3. Ricky Rubio, 18-year-old point guard of DKV Joventut (Spain). Rubio's stock has supposedly been falling this season, but three panelists still named him as a No. 3 pick. "I know he's having an off year, but I like his ability to handle the ball, which is something not everybody has,'' a GM said. "The technique of his shot has improved, and I think he'll end up as an OK shooter. He can really see the court -- he has a gift for that -- and what surprises people is that he actually tries to play defense, which is going to make a lot of coaches happy.''
Another exec has the opposite opinion: "Rubio couldn't guard you.'' It shows the wide divergence of opinion that exists in the draft, especially at this early stage.
In any case, the 6-3 Rubio may not be available this June.
"He's not going to come out this year,'' said the personnel executive who is skeptical of Rubio's defense. "Too many people tell me he's locked in [with Joventut].''
2. Arizona State sophomore shooting guard James Harden. At last, a player upon whom the experts agree: The 6-5 Harden can become an NBA star.
"He reminds me a little bit of [Paul] Pierce because he's not a great athlete, he's not a high riser, but he's sneaky athletic,'' a GM said. "He's long, he's strong, he's got good size for a wing player, he shoots it. He's got poise, he plays at a good pace. He's got to get better at his ball handling, but I think he's got a chance to be a really good player.''
Said another GM: "He has such a great feel, kind of like Brandon Roy or Chris Mullin. He will be able to play with older players right away. And he has top-drawer character. The only thing I'll say is that he's got a little Rasheed [Wallace] in him, and I'm not talking about the technicals, because he's a mild-mannered guy. But he has that dimension where his teammates love him, and he wants to be one of the guys more than he wants to be Kobe. He's more Robin than Batman, but that can be a good thing too. If you get him together with a stud, that's a perfect combination.''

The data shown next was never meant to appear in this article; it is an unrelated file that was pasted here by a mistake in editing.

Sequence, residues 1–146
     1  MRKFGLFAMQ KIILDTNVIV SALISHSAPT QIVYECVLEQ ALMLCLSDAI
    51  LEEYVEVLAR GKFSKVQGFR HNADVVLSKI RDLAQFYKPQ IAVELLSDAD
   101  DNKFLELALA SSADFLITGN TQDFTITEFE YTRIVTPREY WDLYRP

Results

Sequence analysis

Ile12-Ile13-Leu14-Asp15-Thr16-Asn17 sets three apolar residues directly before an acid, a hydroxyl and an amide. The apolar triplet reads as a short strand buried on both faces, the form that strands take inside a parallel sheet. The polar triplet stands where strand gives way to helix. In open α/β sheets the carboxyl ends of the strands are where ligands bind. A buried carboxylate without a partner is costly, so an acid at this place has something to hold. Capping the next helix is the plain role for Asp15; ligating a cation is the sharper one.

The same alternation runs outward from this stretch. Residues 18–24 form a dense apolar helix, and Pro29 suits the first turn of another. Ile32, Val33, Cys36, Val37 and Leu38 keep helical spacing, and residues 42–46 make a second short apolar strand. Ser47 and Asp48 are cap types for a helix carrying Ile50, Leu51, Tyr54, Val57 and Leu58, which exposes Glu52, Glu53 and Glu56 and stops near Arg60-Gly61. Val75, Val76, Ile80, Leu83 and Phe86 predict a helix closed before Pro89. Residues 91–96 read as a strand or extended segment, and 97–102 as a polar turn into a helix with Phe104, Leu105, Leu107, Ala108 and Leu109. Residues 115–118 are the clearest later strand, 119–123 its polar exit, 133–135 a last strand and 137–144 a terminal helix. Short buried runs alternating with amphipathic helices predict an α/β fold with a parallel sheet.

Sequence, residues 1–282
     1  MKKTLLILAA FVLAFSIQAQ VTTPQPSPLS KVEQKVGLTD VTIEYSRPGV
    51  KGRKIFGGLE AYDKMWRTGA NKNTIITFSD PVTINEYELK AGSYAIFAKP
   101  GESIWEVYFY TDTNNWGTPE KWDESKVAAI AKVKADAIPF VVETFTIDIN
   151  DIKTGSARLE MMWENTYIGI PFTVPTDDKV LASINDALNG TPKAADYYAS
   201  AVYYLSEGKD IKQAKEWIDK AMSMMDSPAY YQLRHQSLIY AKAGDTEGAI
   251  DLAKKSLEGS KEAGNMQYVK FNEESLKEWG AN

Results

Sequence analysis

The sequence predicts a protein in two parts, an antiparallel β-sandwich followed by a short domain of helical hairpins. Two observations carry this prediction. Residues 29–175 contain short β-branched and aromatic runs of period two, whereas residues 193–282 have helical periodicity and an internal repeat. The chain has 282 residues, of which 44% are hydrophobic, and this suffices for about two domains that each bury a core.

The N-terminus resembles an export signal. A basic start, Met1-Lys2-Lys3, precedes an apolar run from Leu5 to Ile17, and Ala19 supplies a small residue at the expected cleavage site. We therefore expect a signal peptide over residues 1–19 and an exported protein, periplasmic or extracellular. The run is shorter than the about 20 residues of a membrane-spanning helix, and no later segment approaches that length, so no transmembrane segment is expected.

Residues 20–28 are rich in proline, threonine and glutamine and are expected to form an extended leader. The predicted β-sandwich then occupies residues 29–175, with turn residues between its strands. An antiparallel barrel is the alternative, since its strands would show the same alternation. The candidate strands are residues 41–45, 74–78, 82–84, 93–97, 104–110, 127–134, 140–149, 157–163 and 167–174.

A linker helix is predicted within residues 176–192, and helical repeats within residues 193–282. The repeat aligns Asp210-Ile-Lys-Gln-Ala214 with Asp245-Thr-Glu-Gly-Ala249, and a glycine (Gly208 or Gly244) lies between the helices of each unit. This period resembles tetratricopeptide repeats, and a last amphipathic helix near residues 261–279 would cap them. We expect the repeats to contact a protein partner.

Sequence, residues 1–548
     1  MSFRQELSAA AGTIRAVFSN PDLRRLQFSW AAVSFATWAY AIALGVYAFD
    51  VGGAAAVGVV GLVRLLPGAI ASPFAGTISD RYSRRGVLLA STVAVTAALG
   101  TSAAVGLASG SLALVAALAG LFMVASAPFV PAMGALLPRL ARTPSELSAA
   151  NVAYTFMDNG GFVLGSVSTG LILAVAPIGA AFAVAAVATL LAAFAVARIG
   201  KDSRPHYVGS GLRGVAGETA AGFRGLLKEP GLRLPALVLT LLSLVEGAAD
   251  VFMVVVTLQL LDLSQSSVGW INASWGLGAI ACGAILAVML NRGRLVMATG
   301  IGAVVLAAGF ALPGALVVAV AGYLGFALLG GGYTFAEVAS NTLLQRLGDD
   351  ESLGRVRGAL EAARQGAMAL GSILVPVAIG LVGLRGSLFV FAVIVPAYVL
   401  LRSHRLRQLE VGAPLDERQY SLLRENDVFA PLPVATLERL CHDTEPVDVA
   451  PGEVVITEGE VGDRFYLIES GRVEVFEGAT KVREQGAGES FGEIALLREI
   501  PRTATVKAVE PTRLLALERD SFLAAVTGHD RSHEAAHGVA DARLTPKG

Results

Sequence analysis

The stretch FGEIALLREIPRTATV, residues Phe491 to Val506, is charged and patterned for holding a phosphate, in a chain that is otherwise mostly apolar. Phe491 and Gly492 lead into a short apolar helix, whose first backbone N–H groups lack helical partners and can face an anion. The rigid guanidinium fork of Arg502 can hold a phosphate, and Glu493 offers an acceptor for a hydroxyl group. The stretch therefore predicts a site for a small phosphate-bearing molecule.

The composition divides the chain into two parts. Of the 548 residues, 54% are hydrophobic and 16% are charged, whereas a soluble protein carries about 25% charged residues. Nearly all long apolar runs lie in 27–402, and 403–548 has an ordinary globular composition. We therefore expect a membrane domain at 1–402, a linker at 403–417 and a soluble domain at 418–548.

As always, however, there are questions.
"I wonder why he lets his team get down by double-digit points in multiple games before he wants to play,'' an executive said. "Don't tell me it's coaching, because no coach wants to be down 20 at halftime of a college game. It unnerves me, as gifted as he is, that he allows his team to get into these situations.''
1. Oklahoma sophomore power forward Blake Griffin. The 6-10, 250-pound Griffin is the consensus No. 1 pick and a potential All-Star.
"He's not a polished offensive player, but he's bigger and stronger than everyone he plays against right now,'' a GM said. "And that's another thing in college basketball: It's so small. There are 6-7 centers everywhere and 6-5 power forwards all over the place, and there's just very little size and length. And so that's why some of the big guys aren't quite as good, because they'll have such an adjustment to make in the NBA. But Blake Griffin is strong and quick and athletic, and he plays with intensity. He can't possibly fail.''
While Griffin will surely be a long-term NBA player, others believe he isn't necessarily going to become a star.
"He's an unbelievable athlete, but not an overly skilled player,'' an executive said. "He's a combination of strength and power, but he's not a jump shooter, and he has trouble scoring over people of length and size inside. People are assuming he'll be a great player, but I don't see great players in this draft. I don't see a Derrick Rose.''
Said another GM: "I don't know if he's going to be a star, but I think he's going to be very good. I think he's [Carlos] Boozer Lite.''
(For more on this draft, please read on ...)